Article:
Minimizing crime and destruction is a good thing, but there will always be places where you can’t get a clear CCTV picture, or where the dots in an investigation can’t be joined. We have beome focussed on eradicating threat, and in essence we are really trying to nulify death itself, we are pop-insurance junkies. Yes, prevention is a positive ideal, but it isn’t a guarantee or a cure all.

My concern is that we are losing our focus. Feeding suspicion is divisive and destructive in its own way. We need to check our suspicion, what is the driving fear, the motive? Who is driving it? Who stands to gain?

Instead we need to build trust not division. Besides, a trusting community will be stronger than a suspicious community; it will develop an oppenness, a trust, respect and strong bonds, compassion and cooperation, and it will develop resiliance, so that when tragedy does occur, there is a strength to face it together, and not in fear.

Paul,

pvcann.com

 

10 Comments

Filed under community, life, Philosophy/Theology, politics

Born to be Mild

via Daily Prompt: Mild

IMG_0528.JPG

Well, back in the day, 1969, these were considered wild. The Norton Comando 750, fast, stylish, reliable. But by today’s standards, well they’re a bit mild really, superceded by more modern, sleek, more powerful bikes. This bike has aged gracefully. Generally as things, or beings age they mellow, well, hopefully they do, who can maintain the rage, the anger of youth? Compassion is a better way, it reuses the passion of anger with/alongside others for the better. Born to be mild.

Paul,

pvcann.com

3 Comments

Filed under life, motorbikes

Seeking Assylum: A Christo-Judaic View (or part one)

From a Christo-Judaic view the notion of refuge has been vital for justice and for the health of community. Internally, the people of ancient Israel were instructed (God through Moses) to designate six cities of refuge for those who had slain another person (Pentateuch – Numbers 35). If the slayer/murderer could make it to the city of designated refuge they were reprieved from the death penalty so long as they remained within the refuge city’s walls. it was latterly taught in rabbinical schools that any town run by the Levites was to be considered a town of refuge but only the designated towns could not refuse or revoke a refugee. So, although this was particular to Israel, it stands as a principal of compassion and for all people because Israel was originally to be the model for other peoples on how to live in the light and love of God.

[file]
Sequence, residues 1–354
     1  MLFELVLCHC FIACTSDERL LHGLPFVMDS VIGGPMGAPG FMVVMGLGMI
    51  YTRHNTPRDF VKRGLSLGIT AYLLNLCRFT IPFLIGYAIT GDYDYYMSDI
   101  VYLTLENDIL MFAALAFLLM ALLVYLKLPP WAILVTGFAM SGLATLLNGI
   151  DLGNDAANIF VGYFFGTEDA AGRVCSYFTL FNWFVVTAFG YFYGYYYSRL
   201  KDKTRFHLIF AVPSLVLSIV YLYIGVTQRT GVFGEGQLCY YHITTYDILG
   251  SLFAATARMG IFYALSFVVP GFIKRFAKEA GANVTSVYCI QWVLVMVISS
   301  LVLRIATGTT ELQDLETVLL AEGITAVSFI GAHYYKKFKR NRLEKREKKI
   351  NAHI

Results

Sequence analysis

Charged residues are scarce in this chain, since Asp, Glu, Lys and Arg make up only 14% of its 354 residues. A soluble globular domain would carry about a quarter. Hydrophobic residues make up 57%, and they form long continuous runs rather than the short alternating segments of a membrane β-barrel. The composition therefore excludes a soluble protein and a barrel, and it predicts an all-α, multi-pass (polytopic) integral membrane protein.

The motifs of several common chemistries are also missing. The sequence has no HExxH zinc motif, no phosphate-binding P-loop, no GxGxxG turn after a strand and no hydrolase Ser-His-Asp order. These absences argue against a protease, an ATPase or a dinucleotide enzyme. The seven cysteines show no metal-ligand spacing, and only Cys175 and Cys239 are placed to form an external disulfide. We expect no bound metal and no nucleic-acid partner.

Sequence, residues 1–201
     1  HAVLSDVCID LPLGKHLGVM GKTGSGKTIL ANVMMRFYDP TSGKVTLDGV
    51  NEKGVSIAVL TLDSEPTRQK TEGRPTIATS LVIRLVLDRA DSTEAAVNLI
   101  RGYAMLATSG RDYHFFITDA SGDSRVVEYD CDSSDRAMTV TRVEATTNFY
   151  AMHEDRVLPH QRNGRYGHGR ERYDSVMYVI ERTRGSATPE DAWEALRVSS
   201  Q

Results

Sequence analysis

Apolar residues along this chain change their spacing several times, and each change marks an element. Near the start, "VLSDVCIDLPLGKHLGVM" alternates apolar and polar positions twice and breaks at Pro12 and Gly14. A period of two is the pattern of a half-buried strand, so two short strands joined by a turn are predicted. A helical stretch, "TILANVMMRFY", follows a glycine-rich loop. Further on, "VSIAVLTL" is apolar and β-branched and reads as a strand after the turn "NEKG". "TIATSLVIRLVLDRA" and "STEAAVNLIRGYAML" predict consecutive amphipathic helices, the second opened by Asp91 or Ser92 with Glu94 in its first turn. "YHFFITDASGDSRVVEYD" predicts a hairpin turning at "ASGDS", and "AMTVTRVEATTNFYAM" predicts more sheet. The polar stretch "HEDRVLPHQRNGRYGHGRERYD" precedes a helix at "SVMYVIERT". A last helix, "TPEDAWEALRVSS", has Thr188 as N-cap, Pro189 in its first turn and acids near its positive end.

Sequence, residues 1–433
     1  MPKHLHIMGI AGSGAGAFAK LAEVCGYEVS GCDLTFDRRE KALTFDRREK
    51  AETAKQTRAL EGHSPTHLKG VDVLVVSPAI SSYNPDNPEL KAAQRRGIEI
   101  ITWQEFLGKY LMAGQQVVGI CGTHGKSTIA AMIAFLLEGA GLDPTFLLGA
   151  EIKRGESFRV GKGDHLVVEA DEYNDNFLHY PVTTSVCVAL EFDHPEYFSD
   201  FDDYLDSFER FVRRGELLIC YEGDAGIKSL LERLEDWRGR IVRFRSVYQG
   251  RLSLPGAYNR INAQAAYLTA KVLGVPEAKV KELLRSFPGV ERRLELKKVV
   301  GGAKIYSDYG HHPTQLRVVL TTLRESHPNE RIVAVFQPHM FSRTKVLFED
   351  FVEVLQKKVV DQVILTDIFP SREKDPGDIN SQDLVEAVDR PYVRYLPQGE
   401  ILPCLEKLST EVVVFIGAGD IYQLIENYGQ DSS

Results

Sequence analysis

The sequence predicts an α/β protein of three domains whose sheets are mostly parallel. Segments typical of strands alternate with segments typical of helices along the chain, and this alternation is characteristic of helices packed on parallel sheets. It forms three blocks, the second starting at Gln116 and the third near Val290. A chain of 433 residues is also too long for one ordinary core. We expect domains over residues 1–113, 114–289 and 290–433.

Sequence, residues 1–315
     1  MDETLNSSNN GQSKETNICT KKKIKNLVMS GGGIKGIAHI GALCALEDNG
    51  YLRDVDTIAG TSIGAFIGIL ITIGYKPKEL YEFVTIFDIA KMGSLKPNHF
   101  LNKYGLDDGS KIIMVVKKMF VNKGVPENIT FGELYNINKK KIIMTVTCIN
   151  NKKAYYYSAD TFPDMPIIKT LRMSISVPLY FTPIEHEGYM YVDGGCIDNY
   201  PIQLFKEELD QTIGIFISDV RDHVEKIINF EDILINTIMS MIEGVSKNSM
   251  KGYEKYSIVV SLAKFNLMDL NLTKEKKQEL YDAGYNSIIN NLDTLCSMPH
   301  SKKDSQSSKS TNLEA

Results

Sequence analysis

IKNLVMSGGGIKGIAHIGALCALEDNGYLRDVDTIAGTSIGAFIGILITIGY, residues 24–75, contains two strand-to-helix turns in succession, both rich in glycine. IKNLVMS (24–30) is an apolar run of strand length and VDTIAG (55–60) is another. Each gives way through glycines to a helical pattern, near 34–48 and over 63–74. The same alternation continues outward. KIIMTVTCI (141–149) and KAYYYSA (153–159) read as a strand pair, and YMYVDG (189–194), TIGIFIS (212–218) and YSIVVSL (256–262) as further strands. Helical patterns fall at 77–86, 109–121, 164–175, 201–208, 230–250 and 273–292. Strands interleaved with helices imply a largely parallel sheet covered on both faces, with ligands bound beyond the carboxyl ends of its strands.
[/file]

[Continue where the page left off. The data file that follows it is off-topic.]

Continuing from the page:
And there is the imperative from Leviticus 19.33 – 34, that the people of Israel were to treat any alien in the land as if they were their own family. The end of verse 34 is particularly significant because it reminds the people of Israel that they too were once aliens in the land of Egypt. As with ironic and prophetic poignancy the Holy Family were also to find refuge in Egypt! (doubly ironic given the state of affairs of the modern Middle East!).

The missionary Don Richardson working in West Papua or Irian Jaya discovered that in that culture there was provision for cities of refuge.

In Islam the refugee is also cared for irrespective of religion or culture. The Prophet Muhammad found refuge among the people of Madinah, and there are many historical anecdotes and historical records of acts of refuge for Muslims by others and by Muslims for people of all persuasions. Shari’ah Law (Pathway) also encourages the safety of aliens and refugees, and teaches that anyone seeking refuge in a Mosque or sacred place is to be given protection and hospitality. But it also goes further and and encourages people to designate their homes and civic buildings as places for refuge. in the Qur’an, Sura 9.6 (see also sura 8.72 ff., and 9.100, 117, among many) asks for pagans to be given refuge, and yes, in the hope they will also eventually find hope in Allah, but the refuge (Aman) must be given!

Whether you are religious or not isn’t the point, it is that in culture past, people found within themselves to look beyond self and even to make laws to protect people, especially those seeking refuge. and if you are prone to a cynicism (original meaning – to question) then it is not about how religion has clearly failed to honour its own teachings. The ideal still stands, can we reach it?

I reflect on that and find hope, hope for a world where we are less concerned for tribe and self and more concerned for building a community where care and compassion can be the foundation for a less negative world. Where the globe itself is a city of refuge.

2 Comments

Filed under Uncategorized